A summit of businesses and investors in Paris has given a massive boost to momentum towards climate action and the global deal due at the end of the year.
Taking place as part of Climate Week, the Business & Climate Summit saw CEOs and Chairs from companies representing some of the biggest names in the global economy reaffirm their commitment to the transition from dirty fossil fuels to 100% renewable energies.
The meeting included thousands of CEOs and Chairs, including those of L’Oreal, RWE, Unilever and BNP Paribas, and shows companies can no longer ignore the warnings that climate change is bad for business.
Speaking at the conference, Secretary General of the United Nations, Ban Ki-moon said:
This is an important milestone on the way to the Paris climate conference in December. It shows that the engagement of the private sector that began at the Climate Summit in New York last September has continued. Business leaders are now in the vanguard of the movement to take climate action.
As government leaders reaffirmed the need for a complete fossil fuel phase out and energy transition, the growing business commitment to this call adds further momentum for climate action, while leaving those still fighting the transition increasingly isolated.
In an unprecedented mobilisation of over 6.5 million companies from 130 countries, business leaders joined the global call for a zero emissions future and called on policymakers to agree on carbon pricing mechanisms and a joint public and private sector fund for investing in low-carbon technology.
Jean-Pascal Tricoire, Chief Executive and Chairman of Schneider Electric and Chairman of Global Compact France said:
The difference between now and three years ago is that nobody in business really dares to say climate change is not happening. Companies have actually taken commitments on emissions reductions. With bold, clear and long-term climate policies to keep within the +2C threshold, business will create growth, jobs and continuous innovation on the way to a prosperous low-carbon economy.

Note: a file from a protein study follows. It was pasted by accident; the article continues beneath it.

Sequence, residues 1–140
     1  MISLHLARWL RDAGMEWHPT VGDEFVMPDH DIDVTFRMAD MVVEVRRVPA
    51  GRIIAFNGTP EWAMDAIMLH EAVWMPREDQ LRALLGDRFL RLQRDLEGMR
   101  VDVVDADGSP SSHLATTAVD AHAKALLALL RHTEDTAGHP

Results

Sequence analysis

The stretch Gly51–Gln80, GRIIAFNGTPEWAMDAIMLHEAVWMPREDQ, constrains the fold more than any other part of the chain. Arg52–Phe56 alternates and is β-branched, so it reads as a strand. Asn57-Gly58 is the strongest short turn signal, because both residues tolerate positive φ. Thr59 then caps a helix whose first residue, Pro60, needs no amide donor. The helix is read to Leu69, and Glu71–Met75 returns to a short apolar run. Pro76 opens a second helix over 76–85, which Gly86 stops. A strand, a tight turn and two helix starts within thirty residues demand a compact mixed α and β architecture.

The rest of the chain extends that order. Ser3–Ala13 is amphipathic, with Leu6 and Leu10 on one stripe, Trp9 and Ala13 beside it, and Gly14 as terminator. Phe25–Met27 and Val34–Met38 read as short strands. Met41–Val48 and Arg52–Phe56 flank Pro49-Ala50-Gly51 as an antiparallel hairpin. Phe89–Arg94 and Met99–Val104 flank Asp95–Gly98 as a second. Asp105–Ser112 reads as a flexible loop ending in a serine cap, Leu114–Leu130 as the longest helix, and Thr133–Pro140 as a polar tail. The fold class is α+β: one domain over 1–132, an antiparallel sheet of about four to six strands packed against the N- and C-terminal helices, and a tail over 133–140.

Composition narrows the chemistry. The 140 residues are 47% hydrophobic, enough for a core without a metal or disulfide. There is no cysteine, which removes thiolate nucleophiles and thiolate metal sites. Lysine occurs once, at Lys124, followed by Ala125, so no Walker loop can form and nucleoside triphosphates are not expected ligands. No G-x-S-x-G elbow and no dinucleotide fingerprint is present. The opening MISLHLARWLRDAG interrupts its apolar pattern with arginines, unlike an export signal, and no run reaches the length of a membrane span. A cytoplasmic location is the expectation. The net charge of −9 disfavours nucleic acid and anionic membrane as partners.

Meanwhile, a meeting of insurers, asset managers and bankers saw the investment community get involved, as experts launched a new collective initiative to gather climate actions from 400 investors and further shift capital out of fossil fuel industries into the low-carbon future.
Stephanie Pfeifer, Chief Executive of IIGCC said:
From reducing emissions in their portfolios to investing in renewable energy and engaging with fossil fuel companies on climate change, investors are working hard for a low carbon transition. An ambitious global deal which sets a clear pathway towards a low carbon future would enable them to scale up these actions and go further.
The week’s events also saw a host of real-world commitments on climate change. AXA became the first global financial institution to shun investments in coal companies, following Credit Agricole’s announcement earlier in the week to end funding for coal mining, while BNP Paribas joined a host of banks pledging to measure and disclose their carbon footprints.
These companies follow in the footsteps of a host of other businesses already taking action to help drive the phase-out of fossil fuels and the renewable energy future, ensuring their business operations are shielded against the impacts of climate change.
Echoing calls of the Intergovernmental Panel on Climate Change and the The Global Commission on the Economy and Climate that climate change is bad for business and that the trade off between climate action and economic growth is fake, this week’s meeting further highlights the absurdity of those companies who continue to fight against the tide and sell their dirty fossil fuels as a solution to energy poverty.
The message to these laggards is clear: business-as-usual is no longer an option.
But with the World Bank warning the global economy will need $4.1 trillion of investment for the low-carbon transition, and with new warnings that fossil fuels are still subsidized to the tune of $10 million dollars a minute, there is still a way to go.
Businesses are now calling on governments to step up and commit to greater levels of public finance for the Green Climate Fund – in order to attract more private money and help speed up the ongoing low-carbon transition.